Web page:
Savanization is an efficient strategy to confront desertification by increasing herbaceous productivity in drylands providing income to local population relying on grazing. Hence, to assess successful savanization herbaceous production must be estimated accurately. The conventional technique uses random sampling, which might misestimate productivity underneath the canopies due to tree-grass interactions. Here we present an improved model to assess biomass production accounting for tree-grass effects using a stratified sampling technique. Our model calculates biomass underneath the canopy in two configurations: (a) a cone shape, accounting for gradual changes along the bole-to-drip line with radiuses representing topographic aspects, and (b) a cylindrical shape, accounting for biomass underneath the canopy not affected by the tree. We tested our model in the Acacia victoriae savannah of Yatir at the Northern Negev drylands, Israel. Results showed that biomass underneath the canopy were up to 3-fold higher than the measured in between trees. Although the total canopied area was only 4.4% of the savannah, biomass underneath canopies constituted 7% of the total savannah production. Thus, conventional sampling might significantly underestimate biomass production in denser savannah. Our model was adjusted to multi-species savannah and different geographic aspects and could be used in drylands systems elsewhere.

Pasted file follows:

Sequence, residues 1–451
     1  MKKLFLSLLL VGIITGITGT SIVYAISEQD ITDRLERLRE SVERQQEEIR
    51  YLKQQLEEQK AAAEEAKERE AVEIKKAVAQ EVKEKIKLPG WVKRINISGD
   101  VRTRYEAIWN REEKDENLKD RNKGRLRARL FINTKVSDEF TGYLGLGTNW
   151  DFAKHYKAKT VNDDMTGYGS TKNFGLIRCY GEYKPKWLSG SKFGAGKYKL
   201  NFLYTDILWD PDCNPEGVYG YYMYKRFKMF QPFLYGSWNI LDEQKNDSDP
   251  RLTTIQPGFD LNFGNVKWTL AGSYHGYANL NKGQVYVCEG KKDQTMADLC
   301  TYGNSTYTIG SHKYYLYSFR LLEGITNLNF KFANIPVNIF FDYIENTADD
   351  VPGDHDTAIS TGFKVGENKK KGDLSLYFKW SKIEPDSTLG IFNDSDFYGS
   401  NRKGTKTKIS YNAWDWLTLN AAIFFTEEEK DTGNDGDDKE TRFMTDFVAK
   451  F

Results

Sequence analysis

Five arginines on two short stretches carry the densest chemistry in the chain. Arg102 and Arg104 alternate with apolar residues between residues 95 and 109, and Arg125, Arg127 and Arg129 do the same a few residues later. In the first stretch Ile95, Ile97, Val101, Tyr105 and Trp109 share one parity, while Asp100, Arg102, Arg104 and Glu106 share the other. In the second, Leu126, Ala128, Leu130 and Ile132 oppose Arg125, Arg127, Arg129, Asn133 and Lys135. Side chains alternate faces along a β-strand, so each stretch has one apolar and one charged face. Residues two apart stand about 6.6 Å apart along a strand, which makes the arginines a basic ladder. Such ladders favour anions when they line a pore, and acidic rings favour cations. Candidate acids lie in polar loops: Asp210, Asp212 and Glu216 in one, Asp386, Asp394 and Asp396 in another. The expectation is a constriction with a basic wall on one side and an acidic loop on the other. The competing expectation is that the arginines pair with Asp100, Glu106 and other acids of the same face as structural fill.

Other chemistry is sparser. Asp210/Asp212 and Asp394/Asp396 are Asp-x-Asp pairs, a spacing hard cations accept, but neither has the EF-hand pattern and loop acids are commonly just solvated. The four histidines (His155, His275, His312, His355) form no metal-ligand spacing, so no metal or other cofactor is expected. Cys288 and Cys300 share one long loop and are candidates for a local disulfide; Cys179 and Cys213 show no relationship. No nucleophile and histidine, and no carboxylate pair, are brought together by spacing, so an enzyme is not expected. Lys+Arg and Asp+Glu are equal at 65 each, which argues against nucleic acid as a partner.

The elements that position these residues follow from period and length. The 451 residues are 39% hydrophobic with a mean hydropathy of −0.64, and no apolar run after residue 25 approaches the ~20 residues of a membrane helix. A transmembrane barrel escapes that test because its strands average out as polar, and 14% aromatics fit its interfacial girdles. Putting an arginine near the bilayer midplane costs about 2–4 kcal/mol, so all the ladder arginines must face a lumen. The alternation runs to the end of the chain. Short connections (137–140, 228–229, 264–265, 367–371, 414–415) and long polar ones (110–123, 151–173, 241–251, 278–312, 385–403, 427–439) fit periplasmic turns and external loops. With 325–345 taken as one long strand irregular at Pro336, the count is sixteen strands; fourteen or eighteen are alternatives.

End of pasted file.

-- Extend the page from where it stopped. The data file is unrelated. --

Bibliographical noteFunding Information:
Personal grants from the JNF-Rieger Foundation, USA and the Hydrological Service of Israel are acknowledged by David Helman. This work carried out in collaboration with The Sustainability Laboratory ( www.sustainabilitylabs.org ) and funded by Project Wadi Attir is dedicated to Yekuel family. We thank Oren and Eren families, Yatir farm owners, for aiding this research and three anonymous reviewers for providing valuable comments that improved the final version of this paper.
© 2015 Published by Elsevier Ltd.
- Acacia victoriae
- Facilitative effect
- Stratified sampling